Decatur Revisited: Expelled Youth Face Life Adrift: Changing Tunes

October 1, 2000

When the Gun-Free Schools Act was passed in 1994, little was said about what would happen to expelled students. Over the last five years the tenor of the discourse at the federal level has changed substantially, with a greater emphasis on reducing suspensions and expulsions, and continuing the education of expelled students.

1995: "I am proud of the fact that we fought last year for a law requiring states to expel students for a year if they bring guns to school — no excuses, zero tolerance. That's something the government ought to stand for."

President Bill Clinton, remarks by the President on Safe and Drug-Free Schools.

1997: "These numbers are irrefutable proof that President Clinton's plan to make our schools safe and drug-free is working."

Vice President Al Gore, announcing that 6,276 students were expelled for bringing weapons to school in 1995-96.

1999: "While we believe that students who bring firearms to schools must be removed from the regular classroom, we continue to be concerned about what happens to those troubled students who are expelled from school."

U.S. Secretary of Education Richard Riley, giving testimony on the administration's proposal for the reauthorization of the Elementary and Secondary Education Act, before the Senate Subcommittee on Labor, HHS, Education and Related Agencies.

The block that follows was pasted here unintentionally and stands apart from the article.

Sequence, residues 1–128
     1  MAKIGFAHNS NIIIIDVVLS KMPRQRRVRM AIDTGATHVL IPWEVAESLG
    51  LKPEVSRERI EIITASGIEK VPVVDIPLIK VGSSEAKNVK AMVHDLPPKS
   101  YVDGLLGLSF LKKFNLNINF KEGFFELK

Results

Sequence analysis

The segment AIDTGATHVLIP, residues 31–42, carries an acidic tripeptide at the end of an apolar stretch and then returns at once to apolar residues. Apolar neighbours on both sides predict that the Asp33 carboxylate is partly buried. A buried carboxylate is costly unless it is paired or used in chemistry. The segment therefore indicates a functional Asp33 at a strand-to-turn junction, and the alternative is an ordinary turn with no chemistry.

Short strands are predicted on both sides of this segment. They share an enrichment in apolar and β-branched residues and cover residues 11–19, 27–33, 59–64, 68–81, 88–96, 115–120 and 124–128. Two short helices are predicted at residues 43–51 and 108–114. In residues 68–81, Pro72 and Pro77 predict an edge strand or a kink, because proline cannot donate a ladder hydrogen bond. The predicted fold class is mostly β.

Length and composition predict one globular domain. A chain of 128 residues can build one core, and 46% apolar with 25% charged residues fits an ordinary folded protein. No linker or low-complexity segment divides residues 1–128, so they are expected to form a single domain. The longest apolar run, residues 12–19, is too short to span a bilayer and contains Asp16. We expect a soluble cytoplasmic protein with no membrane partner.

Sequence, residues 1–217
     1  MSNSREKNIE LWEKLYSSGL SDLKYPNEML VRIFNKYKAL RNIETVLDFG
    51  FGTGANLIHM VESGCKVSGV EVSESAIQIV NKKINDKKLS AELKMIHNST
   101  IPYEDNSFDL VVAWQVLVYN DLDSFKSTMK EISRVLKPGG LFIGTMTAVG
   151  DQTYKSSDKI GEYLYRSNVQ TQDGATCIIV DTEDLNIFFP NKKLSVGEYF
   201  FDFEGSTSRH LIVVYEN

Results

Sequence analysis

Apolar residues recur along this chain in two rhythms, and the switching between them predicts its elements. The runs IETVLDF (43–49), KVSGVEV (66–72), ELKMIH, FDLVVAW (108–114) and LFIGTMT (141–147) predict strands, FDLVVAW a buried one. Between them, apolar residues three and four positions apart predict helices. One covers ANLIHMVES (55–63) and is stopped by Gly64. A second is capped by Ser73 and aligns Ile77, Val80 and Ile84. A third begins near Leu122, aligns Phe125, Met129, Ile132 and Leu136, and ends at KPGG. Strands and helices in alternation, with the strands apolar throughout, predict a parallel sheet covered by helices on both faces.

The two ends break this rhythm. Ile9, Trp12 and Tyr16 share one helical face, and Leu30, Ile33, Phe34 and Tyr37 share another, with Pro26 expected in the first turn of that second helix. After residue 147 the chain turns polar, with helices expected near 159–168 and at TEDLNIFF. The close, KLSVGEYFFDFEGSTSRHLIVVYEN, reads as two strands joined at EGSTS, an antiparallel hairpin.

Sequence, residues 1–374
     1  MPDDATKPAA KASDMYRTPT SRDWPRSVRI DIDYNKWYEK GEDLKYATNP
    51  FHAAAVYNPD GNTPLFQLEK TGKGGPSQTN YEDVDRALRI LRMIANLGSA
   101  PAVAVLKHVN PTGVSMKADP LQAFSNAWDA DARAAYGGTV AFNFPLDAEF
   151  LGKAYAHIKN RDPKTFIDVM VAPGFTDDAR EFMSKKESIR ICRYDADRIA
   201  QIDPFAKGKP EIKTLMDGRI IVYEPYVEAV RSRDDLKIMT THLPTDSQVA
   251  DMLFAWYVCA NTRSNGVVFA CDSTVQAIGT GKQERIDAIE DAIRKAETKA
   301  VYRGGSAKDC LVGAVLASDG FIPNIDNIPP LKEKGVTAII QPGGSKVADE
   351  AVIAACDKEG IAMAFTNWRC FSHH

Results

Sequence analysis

2000: "No child should ever be denied an education. Giving up on troubled young people makes for a missed opportunity — they deserve more than being dismissed or ignored. Strong alternative programs and strategies such as these funded today can reduce the factors that lead young people into poverty and crime and encourage them to stay in school, graduate and become productive members of society."

U.S. Secretary of Education Richard Riley, announcing $10 million for the "Alternative Strategies to Reduce Student Suspensions and Expulsions and Ensure Educational Progress Program."

"Decatur Revisited: Expelled Youth Face Life Adrift: Changing Tunes." Youth Today, October 2000, p. 37.

©2000 Youth Today. Reprinted with permission from Youth Today. All rights reserved.